If employers are stalking Facebook, should we avoid it?
We’ve all seen programmes or articles about social media faux pas which result in job losses or legal issues and many of us have now become paranoid online – but is the fear really justified?
Some employers are not only using social media to check on their current employees but are also using it to make decisions on hiring new applicants. Hovering over profile pages of potential applicants like an eagle, going in for the kill if bad grammar or naughty photos are spotted.
It does happen
Michael Clarke, Assistant Director of The Careers Group University London, claims this is simply not true. He said: “The recruiters I have talked to would regard it as bad practice” to make decisions based on social media.Although he added it does happen. An example used was a student that posted his gambling skills online, making it harder for career advisers to find willing employers in his chosen financial sector.
Drew Hillier, a freelancer – and past employer, agreed. Employers should only consider social media profiles in their choices: “If the role is calling for a specific journalistic (or networking) skill and the applicant has, say, a regular blog.
“I do not believe that delving into an applicant’s Facebook profile is helpful or even relevant; indeed – and apart from also considering such a strategy bordering on the unethical – I personally do not think anything is gleaned, professionally, from doing so.”
Wouldn’t want your mother to see
Although some recruiters think it is bad practice, social media is a convenience many employers use. So, it may not be recommended to post last night’s drunken rant.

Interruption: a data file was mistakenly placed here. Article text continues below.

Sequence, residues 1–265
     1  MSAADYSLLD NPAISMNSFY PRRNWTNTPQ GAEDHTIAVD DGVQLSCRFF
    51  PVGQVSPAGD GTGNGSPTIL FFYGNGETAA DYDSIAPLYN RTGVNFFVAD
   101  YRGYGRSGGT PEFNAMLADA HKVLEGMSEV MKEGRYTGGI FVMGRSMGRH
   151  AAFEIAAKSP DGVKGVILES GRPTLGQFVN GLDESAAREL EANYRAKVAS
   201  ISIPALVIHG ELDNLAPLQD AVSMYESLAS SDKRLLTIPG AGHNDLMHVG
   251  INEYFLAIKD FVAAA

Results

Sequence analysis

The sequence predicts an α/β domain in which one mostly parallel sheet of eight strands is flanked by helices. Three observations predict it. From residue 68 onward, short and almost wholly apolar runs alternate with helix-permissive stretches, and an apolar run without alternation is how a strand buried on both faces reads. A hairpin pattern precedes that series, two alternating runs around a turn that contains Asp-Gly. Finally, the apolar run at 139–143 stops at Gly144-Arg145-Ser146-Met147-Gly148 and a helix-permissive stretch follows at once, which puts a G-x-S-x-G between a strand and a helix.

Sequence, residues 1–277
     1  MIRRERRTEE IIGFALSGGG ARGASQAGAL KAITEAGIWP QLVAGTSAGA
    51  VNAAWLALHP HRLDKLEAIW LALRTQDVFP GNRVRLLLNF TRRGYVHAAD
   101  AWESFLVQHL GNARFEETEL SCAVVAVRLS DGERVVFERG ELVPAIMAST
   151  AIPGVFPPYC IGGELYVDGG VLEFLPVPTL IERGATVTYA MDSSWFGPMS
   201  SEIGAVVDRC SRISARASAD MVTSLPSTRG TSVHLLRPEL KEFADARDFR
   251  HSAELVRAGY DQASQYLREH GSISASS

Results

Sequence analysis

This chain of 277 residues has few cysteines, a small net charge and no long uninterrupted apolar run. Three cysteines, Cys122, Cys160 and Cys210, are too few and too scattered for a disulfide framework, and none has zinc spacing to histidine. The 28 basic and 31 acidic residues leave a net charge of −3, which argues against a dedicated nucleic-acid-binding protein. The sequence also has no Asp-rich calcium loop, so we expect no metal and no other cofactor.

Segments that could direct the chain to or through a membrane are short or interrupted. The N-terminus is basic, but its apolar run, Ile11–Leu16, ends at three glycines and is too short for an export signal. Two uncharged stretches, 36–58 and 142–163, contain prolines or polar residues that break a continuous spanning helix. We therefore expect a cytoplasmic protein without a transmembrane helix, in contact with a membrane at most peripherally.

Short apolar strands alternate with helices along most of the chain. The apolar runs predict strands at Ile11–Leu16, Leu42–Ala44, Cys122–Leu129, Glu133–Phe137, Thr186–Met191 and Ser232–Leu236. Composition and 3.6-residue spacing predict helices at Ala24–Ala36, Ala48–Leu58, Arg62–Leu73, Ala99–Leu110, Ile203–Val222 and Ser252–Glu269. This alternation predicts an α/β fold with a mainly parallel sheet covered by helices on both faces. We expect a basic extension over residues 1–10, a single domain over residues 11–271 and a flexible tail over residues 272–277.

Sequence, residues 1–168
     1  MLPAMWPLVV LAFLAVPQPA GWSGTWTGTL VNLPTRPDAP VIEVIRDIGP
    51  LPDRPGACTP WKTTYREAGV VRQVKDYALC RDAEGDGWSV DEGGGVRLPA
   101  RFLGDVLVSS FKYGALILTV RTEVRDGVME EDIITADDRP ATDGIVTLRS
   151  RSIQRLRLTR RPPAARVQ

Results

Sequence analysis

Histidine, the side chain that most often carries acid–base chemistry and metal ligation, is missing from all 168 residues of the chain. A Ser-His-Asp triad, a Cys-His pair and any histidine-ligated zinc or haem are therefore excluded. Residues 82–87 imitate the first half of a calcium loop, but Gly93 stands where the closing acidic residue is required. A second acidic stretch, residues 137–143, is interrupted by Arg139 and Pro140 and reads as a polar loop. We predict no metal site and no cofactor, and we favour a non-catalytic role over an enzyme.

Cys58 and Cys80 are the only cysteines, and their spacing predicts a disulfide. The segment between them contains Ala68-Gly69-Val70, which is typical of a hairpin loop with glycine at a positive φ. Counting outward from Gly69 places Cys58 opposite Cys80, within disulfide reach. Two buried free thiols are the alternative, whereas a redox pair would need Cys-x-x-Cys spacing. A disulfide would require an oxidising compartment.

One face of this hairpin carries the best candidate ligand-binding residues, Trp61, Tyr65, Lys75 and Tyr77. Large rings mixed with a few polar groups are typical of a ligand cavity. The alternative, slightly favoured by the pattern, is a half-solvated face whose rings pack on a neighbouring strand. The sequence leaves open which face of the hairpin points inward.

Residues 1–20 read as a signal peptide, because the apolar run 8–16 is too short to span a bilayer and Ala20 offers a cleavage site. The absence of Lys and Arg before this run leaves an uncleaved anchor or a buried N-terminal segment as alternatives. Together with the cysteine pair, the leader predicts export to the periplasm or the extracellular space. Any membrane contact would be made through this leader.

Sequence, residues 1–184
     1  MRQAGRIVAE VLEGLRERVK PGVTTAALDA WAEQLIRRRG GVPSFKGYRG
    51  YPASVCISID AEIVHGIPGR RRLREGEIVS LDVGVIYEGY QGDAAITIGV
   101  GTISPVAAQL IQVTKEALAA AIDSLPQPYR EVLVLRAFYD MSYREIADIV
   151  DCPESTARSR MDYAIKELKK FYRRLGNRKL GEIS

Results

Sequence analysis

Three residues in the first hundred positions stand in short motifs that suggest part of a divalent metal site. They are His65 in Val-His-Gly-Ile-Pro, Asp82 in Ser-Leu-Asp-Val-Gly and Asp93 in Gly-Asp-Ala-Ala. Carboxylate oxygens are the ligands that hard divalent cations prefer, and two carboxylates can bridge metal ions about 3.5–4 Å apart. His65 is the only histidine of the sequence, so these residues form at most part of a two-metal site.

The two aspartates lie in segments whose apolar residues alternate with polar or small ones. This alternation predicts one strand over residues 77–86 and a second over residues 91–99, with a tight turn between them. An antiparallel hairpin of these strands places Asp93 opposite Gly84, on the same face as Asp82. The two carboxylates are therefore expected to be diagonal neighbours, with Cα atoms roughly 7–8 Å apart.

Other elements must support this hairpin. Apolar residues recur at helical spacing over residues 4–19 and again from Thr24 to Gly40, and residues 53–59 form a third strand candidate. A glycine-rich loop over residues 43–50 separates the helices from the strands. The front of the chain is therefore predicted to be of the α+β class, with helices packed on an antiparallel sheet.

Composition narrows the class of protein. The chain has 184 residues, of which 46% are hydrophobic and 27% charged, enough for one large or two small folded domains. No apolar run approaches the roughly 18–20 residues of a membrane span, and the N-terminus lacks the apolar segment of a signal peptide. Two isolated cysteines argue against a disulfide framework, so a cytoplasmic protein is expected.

Once hired, the risk of social media getting you in trouble is even greater. If you insult or gossip about the company, employer or colleague online – do not be surprised when you are being called into the office for the ‘talk’.
The general advice from Michael Clarke is: “Don’t put anything online that you wouldn’t want your mother to see, let alone an employer.”
Do not avoid social media
This is not a warning to avoid social media out of fear. Mr Clarke added having an online presence is important for any career.
“As an active job-seeking strategy, not having a good profile or background of positive interactions with future employers might put you at a disadvantage compared to those who have.” Especially with sites such as Twitter that make networking easier than ever.
Freelancer Hiller ended with one tip: “Blogs – and, in my experience, the likes of LinkedIn – are invaluable. In the case of LinkedIn, not only should it be used as a de facto real-time CV, replete with as many skills endorsements as possible, but by signing up to a number of relevant groups it’s a really effective way of networking.”
The fact that more than 50% of England is connected to Facebook proves the potential it has to make-or-break your career, if you learn how.
Tips from The Careers Group: http://www.careers.lon.ac.uk/blog/library/index.php/tag/facebook/